Once you have a consumer’s attention (usually at the point where they have been exposed to your product or service multiple times), you need to think about a new type of email: email messages that create and drive consideration. Unlike awareness-related emails, consideration emails contain educational elements that actively move the reader toward taking an action to buy or try a product. These emails focus on specific benefits of the product and in many cases provide a means for people to self-qualify themselves as viable prospects.
Take for example, Zinio Labs. Zinio is a digital publishing services company that creates new ways to read digital publications in a mobile environment. When Zinio comes out with a new product, it is often free to test. The purpose of its emails is to drive consumer awareness and consideration for a new way to read publications.
Conversion emails are the most common form of email marketing messages that a person receives outside of personal communications.
These messages are those standard, hard-hitting, “Buy it now” and “Sign up today” emails. Conversion emails work well when the reader is already in the mood and mind-set to purchase something from your company but these emails can be the worst performers when you evaluate your return on investment (ROI).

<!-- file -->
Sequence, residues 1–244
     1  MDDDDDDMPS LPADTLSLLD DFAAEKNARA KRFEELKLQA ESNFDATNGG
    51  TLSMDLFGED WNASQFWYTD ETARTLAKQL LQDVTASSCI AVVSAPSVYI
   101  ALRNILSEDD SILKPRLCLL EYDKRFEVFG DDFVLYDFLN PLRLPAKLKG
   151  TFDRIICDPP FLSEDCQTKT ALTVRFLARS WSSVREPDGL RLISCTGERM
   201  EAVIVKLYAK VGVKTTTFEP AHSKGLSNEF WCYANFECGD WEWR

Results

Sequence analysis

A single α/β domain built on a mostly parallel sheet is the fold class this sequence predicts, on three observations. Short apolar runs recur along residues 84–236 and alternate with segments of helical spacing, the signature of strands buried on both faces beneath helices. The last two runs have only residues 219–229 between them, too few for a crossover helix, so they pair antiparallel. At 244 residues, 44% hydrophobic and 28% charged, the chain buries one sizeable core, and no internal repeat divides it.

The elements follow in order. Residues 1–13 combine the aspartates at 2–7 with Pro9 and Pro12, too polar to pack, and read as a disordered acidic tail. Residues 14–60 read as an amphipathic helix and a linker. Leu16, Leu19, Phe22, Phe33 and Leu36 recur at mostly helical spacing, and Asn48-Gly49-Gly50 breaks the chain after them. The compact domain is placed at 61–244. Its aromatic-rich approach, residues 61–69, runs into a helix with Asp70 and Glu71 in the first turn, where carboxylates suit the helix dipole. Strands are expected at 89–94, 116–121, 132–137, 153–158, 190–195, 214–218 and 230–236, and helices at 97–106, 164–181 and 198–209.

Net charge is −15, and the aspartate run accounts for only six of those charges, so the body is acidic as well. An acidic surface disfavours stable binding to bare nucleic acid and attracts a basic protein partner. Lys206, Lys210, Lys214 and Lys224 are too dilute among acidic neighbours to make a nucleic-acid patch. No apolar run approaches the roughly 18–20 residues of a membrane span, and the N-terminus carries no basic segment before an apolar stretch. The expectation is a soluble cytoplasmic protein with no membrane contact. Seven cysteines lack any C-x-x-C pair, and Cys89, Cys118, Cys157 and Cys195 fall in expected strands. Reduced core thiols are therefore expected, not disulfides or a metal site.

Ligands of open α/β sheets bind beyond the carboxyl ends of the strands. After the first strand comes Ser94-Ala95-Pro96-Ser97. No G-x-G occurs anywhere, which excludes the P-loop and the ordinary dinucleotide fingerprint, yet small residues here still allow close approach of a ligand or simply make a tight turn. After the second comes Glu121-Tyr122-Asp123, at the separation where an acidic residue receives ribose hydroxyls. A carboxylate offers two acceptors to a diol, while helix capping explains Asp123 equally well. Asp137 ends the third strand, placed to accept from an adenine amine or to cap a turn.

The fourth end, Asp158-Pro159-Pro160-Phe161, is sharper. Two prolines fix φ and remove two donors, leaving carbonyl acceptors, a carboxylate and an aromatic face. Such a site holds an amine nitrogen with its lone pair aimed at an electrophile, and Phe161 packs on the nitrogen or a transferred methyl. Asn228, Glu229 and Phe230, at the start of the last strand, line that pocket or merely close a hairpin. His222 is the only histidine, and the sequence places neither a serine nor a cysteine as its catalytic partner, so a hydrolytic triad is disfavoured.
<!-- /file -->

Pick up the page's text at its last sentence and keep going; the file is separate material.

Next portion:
The secret of an effective conversion email is that it is sent only after you receive a “buying signal” from your reader. Even in the world of email, these buying signals exist; you just need to know what to look for.
Most companies that send conversion-based emails effectively either have a well-known product or service or are offering something price-sensitive or as an impulse buy. Catalog companies typically send these types of emails to subscribers who have purchased from them in the past. Travel and leisure companies also send many of these types of emails in an attempt to get people to buy when they are in the mood.
Product Usage Emails
After the initial sale has been made, many email marketers get lazy, stop working, or flip the responsibility of emails to another department within the company. Resist the possibilty as this is a trap.
For example, when you purchase something from Amazon, you immediately receive a confirmation email. Inside that email are some recommendations of other products that people who bought the same thing you did also purchased. A week later, you receive an email asking you to complete a survey about how happy you are with the product you have purchased and, again, subtly recommending products “others like you” have tried. This sneaky but clever service-oriented approach to the email cross-sell/up-sell works more times than you can imagine.